Canada Agrees To Pay Even More Of The Costs For International Bridge Between Detroit And Windsor

Michigan Gov. Rick Snyder is seen before proposing his state budget, Wednesday, Feb. 11, 2015 in Lansing, Mich. The governor
Michigan Gov. Rick Snyder is seen before proposing his state budget, Wednesday, Feb. 11, 2015 in Lansing, Mich. The governor proposed a $54 billion state budget that he said prioritizes education and health services, including focus on improved reading for third graders, more training in the skilled trades and increased dental coverage for low-income children. The Republican governor's plan for the fiscal year starting in October would increase spending by roughly $2 billion, or 3.8 percent, mostly because of higher federal funding. (AP Photo/Carlos Osorio)

An agreement between Canada and the United States should pave the way for construction to begin on a bridge between Detroit, Michigan and Windsor, Ontario.

It also shoulders Canada with more of the costs.

The U.S. Department of Homeland Security and Canadian Transport Minister Lisa Riatt separately announced Wednesday that officials had hammered out crucial remaining details for the New International Trade Crossing, which will span the Detroit River between Detroit and Windsor. The Canadian public-private partnership overseeing the entire bridge project will now pay for a $250 million customs plaza on the Detroit side; it previously agreed to cover the rest of the initial costs of the $2.1 billion construction project.

For putting up the money, Canada will be repaid through bridge tolls.

In a statement, Riatt called the bridge a top infrastructure priority for Canada and said the agreement “allows Canada and Michigan to move the project forward immediately to its next steps which include further design work and property acquisition on the U.S. side of the border.”

Michigan lawmakers had originally hoped the federal government would kick in funds for the U.S. customs plaza, and Gov. Rick Snyder (R) said in September he thought it was “offensive” to ask Canada to foot the bill. According to the Detroit News, President Barack Obama has said in the past that congressional restrictions on allocating funding for specific projects made it difficult to include money for the customs plaza in the federal budget.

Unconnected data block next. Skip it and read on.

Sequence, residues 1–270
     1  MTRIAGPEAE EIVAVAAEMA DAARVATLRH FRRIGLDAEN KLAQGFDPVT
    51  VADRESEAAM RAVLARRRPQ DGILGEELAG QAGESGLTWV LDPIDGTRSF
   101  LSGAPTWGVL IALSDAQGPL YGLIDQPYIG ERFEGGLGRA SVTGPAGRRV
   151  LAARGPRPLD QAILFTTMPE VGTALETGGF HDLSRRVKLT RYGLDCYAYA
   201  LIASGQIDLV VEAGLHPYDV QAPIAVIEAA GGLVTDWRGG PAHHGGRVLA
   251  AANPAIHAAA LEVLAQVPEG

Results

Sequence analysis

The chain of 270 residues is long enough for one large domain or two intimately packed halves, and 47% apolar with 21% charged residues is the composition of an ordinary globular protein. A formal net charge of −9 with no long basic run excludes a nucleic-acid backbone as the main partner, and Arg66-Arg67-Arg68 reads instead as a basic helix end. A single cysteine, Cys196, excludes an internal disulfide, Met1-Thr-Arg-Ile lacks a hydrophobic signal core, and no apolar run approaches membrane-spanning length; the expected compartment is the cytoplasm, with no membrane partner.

The customs facility will be staffed, operated and maintained by the U.S., according to the new agreement. DHS officials said it will take an estimated $100 million to manage the customs plaza in the first year, and $50 million annually in following years.

Snyder and Michigan Democratic Senators Debbie Stabenow and Gary Peters praised the step forward Wednesday and individually vowed to make sure the government keeps up its end of the deal.

“As a member of the Senate Homeland Security Committee, I will continue working with the Obama administration, the Snyder administration, the Canadian Government and my colleagues in Congress to ensure the U.S. fulfills our commitment to fully staff and operate this new border crossing that will have a significant economic impact for Michigan and states across the country," Peters said in a statement.

The bridge is set to be completed by 2020, and despite the previously unanswered question of how the customs plaza would be funded, some work has already begun. U.S., Canadian and Michigan officials reached a formal agreement to build the NITC in 2012.

Later that year, the project was briefly jeopardized by a failed, multimillion opposition campaign from billionaire Manuel “Matty” Moroun, who owns the only other bridge connecting Detroit and Windsor. The Ambassador Bridge is one of the rare international crossings that is privately held; the other existing link in the area, the Detroit-Windsor Tunnel, was built in 1930 and is operated by a company jointly owned by both cities.

The Detroit-Windsor corridor is one of North America’s busiest commercial border crossings and is the path for a large portion of U.S.-Canada trade.



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